Flow and Other Secrets to a Happy Life
Interview with Mihaly Csikszentmihalyi
Posted April 30, 2018
“To see a world in a grain of sand
And a heaven in a wild flower,
Hold infinity in the palm of your hand
And eternity in an hour.”
Many winters ago in Hungary, a man sat at his desk with a small rock he had bought from the morning market. He inspected the rock under his microscope, reading its history from its rugged edges, unearthing its secrets from the rock’s colorful veins. It might have looked like an ordinary stone to any other eyes. But for the former prisoner of war who had spent 8 years surrounded by the damp darkness of an underground mine, the rock contained a whole new world. Hours flew by as the man, enveloped in the sense of enjoyment from his deep focus, studied his rock, loosing all perception of time and self. When he lifted his head, the morning sun had set.
Mihaly Csikszentmihalyi – one of the world’s most influential positive psychologists – tells this story with pride and wonder. The man, after all, was his older brother, and the magic that had him immersed in his rock is flow. Since Csikszentmihalyi coined the term, plenty of research has been done to understand the role of our inner worlds (rather than external circumstances) in the quality of our lives. What is it about Nobel laureates, amateur musicians and rock collectors alike that allows them to come to the doorstep of joy and self-mastery simply by being fully absorbed in various activities? The consensus of these studies is heartening – flow is available to everyone, everywhere. To reach it, however, requires effort and focus. And the discipline to tread between the boredom and anxiety of our ordinary days, towards an extraordinary space where our skills can meet just enough challenge to create the “optimal experience.” It’s in this space of growth and fulfillment, says Csikszentmihalyi, in this state of wholehearted engagement with life, where we can catch a glimpse of flow.
So, if there is one advice from a psychologist who has spent his career studying happiness (echoing Socrates’ perils of an unexamined life) it is this: discover what brings you joy and spend your life mastering it.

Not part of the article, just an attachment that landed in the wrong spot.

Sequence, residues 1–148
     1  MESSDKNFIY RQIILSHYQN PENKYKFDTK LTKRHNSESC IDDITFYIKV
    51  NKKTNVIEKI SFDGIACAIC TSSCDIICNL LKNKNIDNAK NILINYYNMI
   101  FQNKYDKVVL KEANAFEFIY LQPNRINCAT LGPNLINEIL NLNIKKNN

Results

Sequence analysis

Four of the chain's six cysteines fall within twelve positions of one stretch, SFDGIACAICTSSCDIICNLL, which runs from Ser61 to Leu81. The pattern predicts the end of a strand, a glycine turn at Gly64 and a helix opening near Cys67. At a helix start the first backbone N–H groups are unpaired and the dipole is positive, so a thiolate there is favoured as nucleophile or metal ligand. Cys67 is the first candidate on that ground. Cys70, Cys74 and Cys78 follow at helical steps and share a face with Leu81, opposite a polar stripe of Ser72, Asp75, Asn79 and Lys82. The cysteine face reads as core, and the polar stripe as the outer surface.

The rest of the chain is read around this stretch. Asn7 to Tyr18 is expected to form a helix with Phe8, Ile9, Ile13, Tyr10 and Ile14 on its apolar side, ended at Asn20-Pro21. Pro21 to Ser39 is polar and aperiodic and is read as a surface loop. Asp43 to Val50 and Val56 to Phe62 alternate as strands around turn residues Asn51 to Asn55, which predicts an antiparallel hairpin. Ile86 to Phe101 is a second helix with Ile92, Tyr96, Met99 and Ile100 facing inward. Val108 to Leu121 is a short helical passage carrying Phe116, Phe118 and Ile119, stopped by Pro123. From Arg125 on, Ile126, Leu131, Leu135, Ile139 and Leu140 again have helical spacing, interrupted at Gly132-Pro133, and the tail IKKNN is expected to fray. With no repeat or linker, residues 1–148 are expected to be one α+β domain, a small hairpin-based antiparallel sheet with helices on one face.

Here is Dr. Csikszentmihalyi in his own words.
After decades of research on the human experience, what has been your biggest insight?
There haven't been any revelations that changed things completely. Instead, I learned day-by-day, through my interviews and studies, that many of the old writings on how to lead a happy life had resonance with the work that I was doing. That was beautiful to know that while the human way of thinking has evolved, it has basically stayed the same. We now have scientific vocabulary of numbers and regression models, but we are finding similar things that people from places like China and India once described in their old scriptures.
Why is flow considered one of the secrets to a happy life?
Probably because it is! Once you experience flow, you want to experience it again. You don't know why, but you know that when you are in that state of mind, you feel better than when you aren’t. Often people take shortcuts (for example, through drugs or religious rituals) that allow them to focus and loose themselves. In a sense, they are similar to flow and can also make people feel better. But after a while, you realize that you are not the one that makes the good feelings happen. I’m not saying it's the only one, but flow is one of the major ways that humans have discovered how to have a happy life.
How can we find flow in everyday life?